Although Rice didn’t name Incirlik, other U.S. officials have said access to that base is critical. During his visit to Colombia on Oct. 10, Defense Secretary Chuck Hagel told reporters that the United States would like to get access to Incirlik as a base from which to launch strikes against Islamic militants, according to the Associated Press. Asked if Turkey had agreed to give the United States access to Incirlik, Hagel said only that "basing rights would be helpful" and that it will be part of the discussions, the AP reported.
U.S.-Turkey relations hit a rough patch more than a decade ago over another military operation to launch attacks on a neighboring country. Back in 2003, Turkey declined to allow a U.S.-led coalition the use of its territory for invading Saddam Hussein’s Iraq.
Unlike with the Iraq invasion in 2003, when Turkey’s parliament voted against supporting the U.S.-led coalition and opposed American involvement in the region, this time Turkey wants the United States to get involved but differs on the goals, Cook said. Turkey wants the coalition to focus on removing Syrian President Bashar al-Assad, while President Barack Obama wants to keep the focus on the Islamic State and preventing the fall of Baghdad, Cook said.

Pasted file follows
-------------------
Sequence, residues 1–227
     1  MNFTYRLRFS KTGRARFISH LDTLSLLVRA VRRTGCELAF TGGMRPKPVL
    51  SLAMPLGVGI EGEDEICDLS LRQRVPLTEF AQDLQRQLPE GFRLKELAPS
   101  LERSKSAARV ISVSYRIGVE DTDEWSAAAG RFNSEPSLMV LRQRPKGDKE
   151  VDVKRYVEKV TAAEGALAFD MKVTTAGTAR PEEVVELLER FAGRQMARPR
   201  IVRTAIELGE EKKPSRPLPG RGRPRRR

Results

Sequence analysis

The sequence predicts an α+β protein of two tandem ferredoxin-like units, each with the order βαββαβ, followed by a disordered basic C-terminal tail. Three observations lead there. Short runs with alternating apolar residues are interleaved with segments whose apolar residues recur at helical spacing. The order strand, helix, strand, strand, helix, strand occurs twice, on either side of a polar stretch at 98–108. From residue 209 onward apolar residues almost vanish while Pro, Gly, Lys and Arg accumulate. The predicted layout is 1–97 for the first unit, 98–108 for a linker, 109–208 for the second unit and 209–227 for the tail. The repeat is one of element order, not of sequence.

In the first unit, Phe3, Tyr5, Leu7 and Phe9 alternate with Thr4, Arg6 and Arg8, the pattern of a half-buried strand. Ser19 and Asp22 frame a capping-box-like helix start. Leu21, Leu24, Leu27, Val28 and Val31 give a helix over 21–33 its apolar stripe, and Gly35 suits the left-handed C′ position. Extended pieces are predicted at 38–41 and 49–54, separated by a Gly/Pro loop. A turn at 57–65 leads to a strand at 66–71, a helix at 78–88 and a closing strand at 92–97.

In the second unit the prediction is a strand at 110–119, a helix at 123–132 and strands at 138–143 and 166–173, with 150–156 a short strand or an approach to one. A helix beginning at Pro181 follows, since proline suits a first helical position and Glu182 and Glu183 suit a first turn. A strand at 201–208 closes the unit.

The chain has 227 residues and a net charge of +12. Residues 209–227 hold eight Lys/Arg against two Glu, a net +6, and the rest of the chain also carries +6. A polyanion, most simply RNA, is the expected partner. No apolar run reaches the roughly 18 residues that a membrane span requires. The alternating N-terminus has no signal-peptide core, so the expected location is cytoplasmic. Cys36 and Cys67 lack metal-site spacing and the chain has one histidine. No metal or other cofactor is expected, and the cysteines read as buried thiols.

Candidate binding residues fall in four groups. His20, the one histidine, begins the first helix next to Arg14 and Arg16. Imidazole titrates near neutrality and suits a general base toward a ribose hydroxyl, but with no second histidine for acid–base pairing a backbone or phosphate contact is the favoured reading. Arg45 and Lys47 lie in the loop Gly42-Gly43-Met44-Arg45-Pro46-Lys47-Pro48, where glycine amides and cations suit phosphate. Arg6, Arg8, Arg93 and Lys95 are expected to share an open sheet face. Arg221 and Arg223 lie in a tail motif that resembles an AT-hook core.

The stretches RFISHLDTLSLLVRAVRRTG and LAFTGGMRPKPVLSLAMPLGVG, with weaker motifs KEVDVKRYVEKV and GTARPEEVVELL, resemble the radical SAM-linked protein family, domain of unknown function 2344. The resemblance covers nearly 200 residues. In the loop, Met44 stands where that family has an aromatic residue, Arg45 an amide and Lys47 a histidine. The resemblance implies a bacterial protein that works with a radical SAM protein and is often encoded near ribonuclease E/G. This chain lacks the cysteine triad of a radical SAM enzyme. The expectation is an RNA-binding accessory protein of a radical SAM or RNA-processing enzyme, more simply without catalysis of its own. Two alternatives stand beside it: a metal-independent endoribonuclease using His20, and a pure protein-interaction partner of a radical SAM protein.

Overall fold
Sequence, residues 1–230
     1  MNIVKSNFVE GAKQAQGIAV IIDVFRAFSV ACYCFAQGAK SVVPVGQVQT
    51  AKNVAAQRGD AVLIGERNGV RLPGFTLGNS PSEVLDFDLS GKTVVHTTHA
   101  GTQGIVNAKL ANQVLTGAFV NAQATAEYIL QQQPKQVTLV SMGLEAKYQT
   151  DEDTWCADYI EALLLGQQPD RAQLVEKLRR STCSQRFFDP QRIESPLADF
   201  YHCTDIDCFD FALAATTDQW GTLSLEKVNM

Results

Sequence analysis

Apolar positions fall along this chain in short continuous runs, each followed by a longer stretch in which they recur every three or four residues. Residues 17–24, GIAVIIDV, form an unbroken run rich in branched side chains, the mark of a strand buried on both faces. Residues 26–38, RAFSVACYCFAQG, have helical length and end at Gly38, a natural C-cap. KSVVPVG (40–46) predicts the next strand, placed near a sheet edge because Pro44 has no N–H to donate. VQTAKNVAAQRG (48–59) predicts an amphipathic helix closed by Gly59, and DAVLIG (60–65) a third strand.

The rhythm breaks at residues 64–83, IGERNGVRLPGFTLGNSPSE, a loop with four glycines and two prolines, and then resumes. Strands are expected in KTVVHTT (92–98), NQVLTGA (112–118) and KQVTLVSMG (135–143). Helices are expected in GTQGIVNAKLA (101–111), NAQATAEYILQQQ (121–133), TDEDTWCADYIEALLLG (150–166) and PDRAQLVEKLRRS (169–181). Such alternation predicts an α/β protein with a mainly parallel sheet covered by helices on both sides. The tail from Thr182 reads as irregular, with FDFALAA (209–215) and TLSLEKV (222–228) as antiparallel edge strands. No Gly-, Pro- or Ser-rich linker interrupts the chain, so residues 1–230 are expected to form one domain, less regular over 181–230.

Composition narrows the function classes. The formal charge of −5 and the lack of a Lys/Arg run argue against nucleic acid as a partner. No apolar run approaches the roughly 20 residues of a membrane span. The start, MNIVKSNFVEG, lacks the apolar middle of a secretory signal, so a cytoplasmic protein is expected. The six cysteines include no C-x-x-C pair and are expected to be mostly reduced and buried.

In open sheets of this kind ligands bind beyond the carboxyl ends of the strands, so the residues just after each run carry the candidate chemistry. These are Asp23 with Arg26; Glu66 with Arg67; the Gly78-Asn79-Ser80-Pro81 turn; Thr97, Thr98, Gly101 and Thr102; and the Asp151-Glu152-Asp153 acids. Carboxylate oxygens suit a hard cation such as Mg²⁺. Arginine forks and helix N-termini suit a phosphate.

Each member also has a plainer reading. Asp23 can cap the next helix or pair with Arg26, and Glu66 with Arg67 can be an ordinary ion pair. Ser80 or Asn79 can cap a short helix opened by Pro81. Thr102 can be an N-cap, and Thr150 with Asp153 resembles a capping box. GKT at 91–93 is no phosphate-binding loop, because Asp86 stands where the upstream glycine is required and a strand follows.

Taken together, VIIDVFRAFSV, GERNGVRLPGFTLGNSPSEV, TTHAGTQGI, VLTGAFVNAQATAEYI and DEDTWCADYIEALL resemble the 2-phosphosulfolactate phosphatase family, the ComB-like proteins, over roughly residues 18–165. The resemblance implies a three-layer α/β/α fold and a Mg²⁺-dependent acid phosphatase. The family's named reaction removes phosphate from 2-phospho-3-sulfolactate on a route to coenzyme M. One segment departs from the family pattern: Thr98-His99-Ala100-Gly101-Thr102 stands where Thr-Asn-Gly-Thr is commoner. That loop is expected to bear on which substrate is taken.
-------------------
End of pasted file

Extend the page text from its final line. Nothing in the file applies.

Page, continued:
Obama’s envoys to the nascent anti-ISIS coalition, retired Marine Corps Gen. John Allen and Deputy Assistant Secretary of State Brett McGurk, just finished meeting with officials in Iraq, Jordan, Egypt, and Turkey, and are slated to travel to the Gulf Cooperation Council countries later this month. The purpose of the meetings was to explain the American strategy and assess the coalition’s potential contributions, according to State Department officials.